Immigration

Esther Honig / Harvest Public Media

Esperanza Yanez can spot a sick cow just by looking at it.

“The head hangs down and they don’t eat,” said Yanez, who immigrated from Mexico two decades ago and has been caring for cattle ever since.

Esther Honig / Harvest Public Media

The U.S. House voted down an immigration bill Thursday that would have addressed one of the biggest concerns of American farmers: updating the agriculture guestworker visa program known as H-2A.

U.S. Rep. Roger Marshall's Office

Some conservative House Republicans made it clear Friday in voting down the 2018 farm bill: They’re not interested in a farm bill without working on immigration first.

Thirty Republicans and every Democrat voted against the farm bill, which failed 198-213 in the full House.

It’s a time of low unemployment across the Midwest, leading to a labor shortage that’s stunting the growth of urban and rural businesses. Given that Donald Trump campaigned on a staunchly pro-business platform, one would think he’d have instituted policies benefiting everything from high-tech startups to huge dairy operations.

Two cowboys work the pens of cattle at a feedlot in southwest Kansas.
Peggy Lowe / File/Harvest Public Media

On a feedlot in far southwest Kansas, two cowboys on horseback move cattle on the high dusty plains, spread out like dozens of football fields stitched together with miles of fences. Their “Buenos dias! Buenos dias!” greetings mix with moos on a hot summer morning.

They’re two of the 400 employees who work on the feedlot, which is one of the largest in the U.S. in a state that ranks third in meat production. 

New Ag Guestworker Program Legislation Headed To US House

Oct 25, 2017
File: Grant Gerlock / Harvest Public Media

A bill to overhaul the federal agricultural guestworker program cleared its first hurdle Wednesday and is headed to the full U.S. House.

The Republican-majority House Judiciary Committee passed the bill 17-16 after two days of debate and over the objections of many Democrats. It’s likely to clear the House, though its future in the Senate is unclear.

Peggy Lowe / Harvest Public Media

Farms and ranches throughout the country won’t see their labor shortages solved by a renegotiation of the North American Free Trade Agreement (NAFTA).

In a call with reporters while visiting Mexico ahead of the trade talks, U.S. Agriculture Secretary Sonny Perdue said labor issues likely wouldn’t be addressed during formal negotiations among the United States, Mexico and Canada, set to begin August 16th.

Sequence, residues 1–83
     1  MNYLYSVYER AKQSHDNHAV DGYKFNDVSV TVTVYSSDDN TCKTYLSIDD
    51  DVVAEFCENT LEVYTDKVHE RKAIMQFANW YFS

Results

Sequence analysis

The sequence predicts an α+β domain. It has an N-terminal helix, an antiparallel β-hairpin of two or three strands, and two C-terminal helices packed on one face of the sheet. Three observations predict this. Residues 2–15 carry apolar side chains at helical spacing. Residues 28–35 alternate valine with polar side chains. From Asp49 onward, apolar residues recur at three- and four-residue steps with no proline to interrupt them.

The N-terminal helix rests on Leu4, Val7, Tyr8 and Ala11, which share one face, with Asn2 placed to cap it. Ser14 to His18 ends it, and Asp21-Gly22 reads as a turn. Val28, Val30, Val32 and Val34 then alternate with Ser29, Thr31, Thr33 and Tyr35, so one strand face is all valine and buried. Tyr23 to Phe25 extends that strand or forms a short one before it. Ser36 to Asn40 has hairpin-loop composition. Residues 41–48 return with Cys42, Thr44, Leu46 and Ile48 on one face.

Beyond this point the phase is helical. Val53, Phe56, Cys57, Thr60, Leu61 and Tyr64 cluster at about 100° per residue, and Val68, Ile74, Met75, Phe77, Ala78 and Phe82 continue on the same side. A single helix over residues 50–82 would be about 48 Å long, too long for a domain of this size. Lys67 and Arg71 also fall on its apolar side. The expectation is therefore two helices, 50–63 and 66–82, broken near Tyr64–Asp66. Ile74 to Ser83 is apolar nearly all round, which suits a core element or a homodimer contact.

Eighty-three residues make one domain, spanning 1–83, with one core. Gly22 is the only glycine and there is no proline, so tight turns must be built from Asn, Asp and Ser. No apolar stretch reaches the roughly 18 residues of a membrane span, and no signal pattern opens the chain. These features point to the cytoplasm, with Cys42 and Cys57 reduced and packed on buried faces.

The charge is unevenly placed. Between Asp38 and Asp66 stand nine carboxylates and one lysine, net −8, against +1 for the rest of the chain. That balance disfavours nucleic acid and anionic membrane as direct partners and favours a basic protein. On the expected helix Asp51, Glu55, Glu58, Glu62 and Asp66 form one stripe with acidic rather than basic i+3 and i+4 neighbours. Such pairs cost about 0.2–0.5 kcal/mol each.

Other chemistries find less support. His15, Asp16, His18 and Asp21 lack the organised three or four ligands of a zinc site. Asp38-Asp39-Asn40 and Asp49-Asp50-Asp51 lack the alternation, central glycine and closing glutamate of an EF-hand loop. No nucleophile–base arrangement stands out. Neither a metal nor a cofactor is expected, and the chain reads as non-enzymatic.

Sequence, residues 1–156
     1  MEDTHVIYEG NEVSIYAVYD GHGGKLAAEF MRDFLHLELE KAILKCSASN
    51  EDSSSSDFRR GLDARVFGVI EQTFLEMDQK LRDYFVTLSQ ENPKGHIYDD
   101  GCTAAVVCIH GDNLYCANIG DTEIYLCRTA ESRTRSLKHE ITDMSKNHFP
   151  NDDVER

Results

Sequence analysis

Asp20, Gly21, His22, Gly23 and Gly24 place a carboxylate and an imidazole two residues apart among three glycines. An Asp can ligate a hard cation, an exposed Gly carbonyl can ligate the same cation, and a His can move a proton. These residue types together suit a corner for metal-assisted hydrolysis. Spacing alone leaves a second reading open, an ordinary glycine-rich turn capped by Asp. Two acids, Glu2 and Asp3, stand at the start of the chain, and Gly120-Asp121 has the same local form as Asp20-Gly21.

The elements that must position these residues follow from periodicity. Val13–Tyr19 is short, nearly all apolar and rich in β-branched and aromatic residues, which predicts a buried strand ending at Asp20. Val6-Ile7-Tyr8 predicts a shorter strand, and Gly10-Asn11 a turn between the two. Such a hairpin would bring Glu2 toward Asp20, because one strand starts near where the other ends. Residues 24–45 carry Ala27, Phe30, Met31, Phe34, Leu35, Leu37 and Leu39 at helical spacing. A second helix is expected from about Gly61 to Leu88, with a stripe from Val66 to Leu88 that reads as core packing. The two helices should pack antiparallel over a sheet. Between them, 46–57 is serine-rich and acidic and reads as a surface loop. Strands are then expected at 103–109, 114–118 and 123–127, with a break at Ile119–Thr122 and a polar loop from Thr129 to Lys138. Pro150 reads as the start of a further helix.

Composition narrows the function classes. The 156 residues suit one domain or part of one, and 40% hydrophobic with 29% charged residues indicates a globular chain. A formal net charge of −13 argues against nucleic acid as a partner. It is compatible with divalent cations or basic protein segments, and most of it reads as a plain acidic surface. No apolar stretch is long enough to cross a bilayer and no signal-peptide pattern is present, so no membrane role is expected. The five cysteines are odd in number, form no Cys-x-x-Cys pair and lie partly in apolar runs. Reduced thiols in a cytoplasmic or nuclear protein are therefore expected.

U.S. Agriculture Secretary Sonny Perdue makes a speech to the Agricultural Business Council of Kansas City on April 28.
Julie Denesha / File/For Harvest Public Media

Sonny Perdue, the former governor of Georgia, was sworn in as U.S. Secretary of Agriculture at the end of April.

Harvest Public Media’s Peggy Lowe sat down with Perdue on his fourth day on the job at the American Royal complex in Kansas City, Missouri. She asked him about the Trump Administration’s priorities for our food system, government nutrition programs, immigration policy and the future of the Agriculture Department.

Julie Denesha / Harvest Public Media

U.S. Agriculture Secretary Sonny Perdue on Friday said President Trump may be open to creating a way for some undocumented immigrant workers to stay in the U.S. and Perdue is already working on a “blueprint” of policy guidelines to offer the president.

Luke Runyon / Harvest Public Media

This story is part of the special series United And Divided, which explores the links and rifts between rural and urban America.

At the public library in the rural Morgan County town of Brush, Colorado, Marissa Velazquez welcomes her students to class. It’s a sunny Saturday morning, and today marks the halfway point in Velazquez’s class, a ten-week crash course on American history, civics and English.

Everyone in it has the same goal: become an American citizen. In two hours, Velazquez runs through voting rights, the legislative process and some grammar tips.

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